Thanks, Jon.  Now some more:
To a long-time AGW skeptic like me, seeing all this stuff happening is more than slightly mind-boggling.  It's also a huge relief, because it sure looks like the laundry is going to get washed and dried in the sunlight here...

Going Rogue...

Last night I finished reading Sarah Palin's Going Rogue.  A few reactions:
  • It's certainly no literary masterpiece, and I suspect she'd be quick to agree with that.  I had no problem staying awake while reading it, but I wasn't riveted by either the prose or the content.

  • She's very quick to use her religious beliefs instead of thinking.  By this I mean that you'll find her quite casually attributing an event to God's will (and not thinking it out any further), or justifying a position with by invoking God's desire instead of a thought-out ideology.  Palin invokes Reagan frequently in the book, but Reagan was in fact a very different kind of political animal – he was religious, of course, but his religion was the foundation for his ideology, not the ideology itself.  Palin comes across as having very little ideology beyond her religion and a vague, general sort of Alaskan independence, libertarianism, and scrappiness.  I like the latter elements; the first one scares me.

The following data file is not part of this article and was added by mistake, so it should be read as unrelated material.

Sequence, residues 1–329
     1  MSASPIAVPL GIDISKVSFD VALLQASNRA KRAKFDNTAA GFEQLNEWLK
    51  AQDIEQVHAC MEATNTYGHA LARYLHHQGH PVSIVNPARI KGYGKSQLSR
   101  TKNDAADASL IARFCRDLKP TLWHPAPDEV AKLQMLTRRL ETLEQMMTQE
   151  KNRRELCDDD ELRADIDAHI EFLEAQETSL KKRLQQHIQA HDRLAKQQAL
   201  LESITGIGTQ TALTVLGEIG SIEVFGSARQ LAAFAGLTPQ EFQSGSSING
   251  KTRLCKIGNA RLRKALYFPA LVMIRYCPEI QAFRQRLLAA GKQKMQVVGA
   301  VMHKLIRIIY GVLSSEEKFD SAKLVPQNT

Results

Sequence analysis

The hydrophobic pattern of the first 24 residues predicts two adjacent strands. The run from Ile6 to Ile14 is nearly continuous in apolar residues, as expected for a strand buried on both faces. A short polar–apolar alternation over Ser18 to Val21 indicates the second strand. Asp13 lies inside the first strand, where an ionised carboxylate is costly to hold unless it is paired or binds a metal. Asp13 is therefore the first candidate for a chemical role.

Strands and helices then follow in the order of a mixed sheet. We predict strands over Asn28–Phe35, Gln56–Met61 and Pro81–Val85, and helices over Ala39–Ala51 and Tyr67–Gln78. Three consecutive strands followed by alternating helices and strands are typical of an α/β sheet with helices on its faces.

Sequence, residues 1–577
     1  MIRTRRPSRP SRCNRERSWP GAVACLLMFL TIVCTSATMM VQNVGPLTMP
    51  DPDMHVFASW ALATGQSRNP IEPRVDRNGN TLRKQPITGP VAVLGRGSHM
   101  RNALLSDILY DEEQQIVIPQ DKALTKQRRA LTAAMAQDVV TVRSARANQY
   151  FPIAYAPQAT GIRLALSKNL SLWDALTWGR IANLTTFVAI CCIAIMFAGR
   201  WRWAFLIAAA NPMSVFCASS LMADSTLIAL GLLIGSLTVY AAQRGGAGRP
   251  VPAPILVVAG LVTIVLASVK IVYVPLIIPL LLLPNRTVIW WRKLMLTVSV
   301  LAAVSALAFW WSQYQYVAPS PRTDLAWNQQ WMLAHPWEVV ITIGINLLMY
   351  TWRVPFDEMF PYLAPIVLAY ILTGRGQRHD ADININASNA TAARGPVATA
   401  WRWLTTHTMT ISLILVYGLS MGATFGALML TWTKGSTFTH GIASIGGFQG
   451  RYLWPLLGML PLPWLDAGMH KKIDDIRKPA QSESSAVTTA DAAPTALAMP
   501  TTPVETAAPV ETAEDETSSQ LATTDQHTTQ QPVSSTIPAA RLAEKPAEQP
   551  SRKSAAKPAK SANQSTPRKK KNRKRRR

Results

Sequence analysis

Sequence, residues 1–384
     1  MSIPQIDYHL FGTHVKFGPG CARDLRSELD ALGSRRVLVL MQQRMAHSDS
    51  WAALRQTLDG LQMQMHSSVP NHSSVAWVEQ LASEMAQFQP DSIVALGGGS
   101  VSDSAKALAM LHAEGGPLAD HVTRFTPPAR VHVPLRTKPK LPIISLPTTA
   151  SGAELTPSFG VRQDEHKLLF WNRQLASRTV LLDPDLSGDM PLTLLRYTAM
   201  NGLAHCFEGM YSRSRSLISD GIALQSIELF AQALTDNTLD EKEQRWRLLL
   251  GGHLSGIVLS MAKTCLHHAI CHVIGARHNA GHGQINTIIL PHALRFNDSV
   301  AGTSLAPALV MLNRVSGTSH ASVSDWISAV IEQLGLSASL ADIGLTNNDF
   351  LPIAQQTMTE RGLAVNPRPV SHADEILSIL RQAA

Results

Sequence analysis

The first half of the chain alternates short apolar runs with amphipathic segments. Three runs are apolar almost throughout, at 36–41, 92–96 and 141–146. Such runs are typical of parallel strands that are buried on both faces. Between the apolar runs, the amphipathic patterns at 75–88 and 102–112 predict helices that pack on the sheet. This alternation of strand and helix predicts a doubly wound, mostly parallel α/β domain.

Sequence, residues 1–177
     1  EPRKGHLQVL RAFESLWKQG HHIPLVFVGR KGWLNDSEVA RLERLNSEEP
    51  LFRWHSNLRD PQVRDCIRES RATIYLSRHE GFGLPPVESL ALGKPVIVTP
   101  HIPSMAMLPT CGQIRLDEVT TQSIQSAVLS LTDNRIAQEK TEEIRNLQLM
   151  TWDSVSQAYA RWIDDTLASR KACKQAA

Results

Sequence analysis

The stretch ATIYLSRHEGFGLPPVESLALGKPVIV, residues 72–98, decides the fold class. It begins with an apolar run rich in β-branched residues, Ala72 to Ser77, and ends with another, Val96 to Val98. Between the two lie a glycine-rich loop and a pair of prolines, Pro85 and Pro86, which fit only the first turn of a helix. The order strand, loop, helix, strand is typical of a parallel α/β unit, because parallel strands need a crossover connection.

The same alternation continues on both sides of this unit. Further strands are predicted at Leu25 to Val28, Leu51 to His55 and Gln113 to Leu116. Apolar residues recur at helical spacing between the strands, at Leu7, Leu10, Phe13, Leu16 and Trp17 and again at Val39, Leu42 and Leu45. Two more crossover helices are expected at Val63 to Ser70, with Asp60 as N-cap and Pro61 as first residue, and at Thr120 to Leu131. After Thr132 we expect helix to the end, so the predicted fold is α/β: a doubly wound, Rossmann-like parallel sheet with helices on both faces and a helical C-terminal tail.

• The last ten pages or so were the most interesting part of the entire book.  In this section, she comes closest to offering a vision of what we might expect from her in the future.  I read it closely, as I strongly suspect that Palin will be a factor in our nation's future politics.  I was disappointed, not so much by what's there, but by what's not there.  There is no clear vision, no clear agenda, no clear ideology.  I still know only vaguely what Sarah Palin believes in (other than God) – and I suspect the same thing is true of her.  I don't see a Ronald Reagan or Maggie Thatcher here, but rather a cartoonish copy, without foundation, wrapped in an attractive package.  I wish I could say otherwise.

  • I'm less likely to vote for her now (for any office) than I was before reading the book.  I can still imagine circumstances where I might vote for her as the lesser of two evils.  For example, if one could imagine (say) a 2012 ticket of Obama/Pelosi vs. Palin/Romney, I might well hold my nose and vote the Republican ticket – not so much because I was attracted to it, but because the alternative was so much worse.  But I would certainly not be an enthusiastic supporter of hers.

  • It seems to me unlikely that Palin would actually be able to clinch the Republican ticket in 2012.  Not impossible, but unlikely.  More likely is that she could make a robust run as an independent, like a modern Ross Perot.  I can easily imagine her forming a strong third party with the “tea party” folks as her base.  I can imagine any number of partners for her (Glenn Beck came immediately to mind, though the thought sends shivers of fear through me).  Would such an independent ticket have a chance?  The probabilities are against it; a more likely outcome is a badly split vote on the right, and a unified vote from the liberal opposition – not a pleasant outcome for me.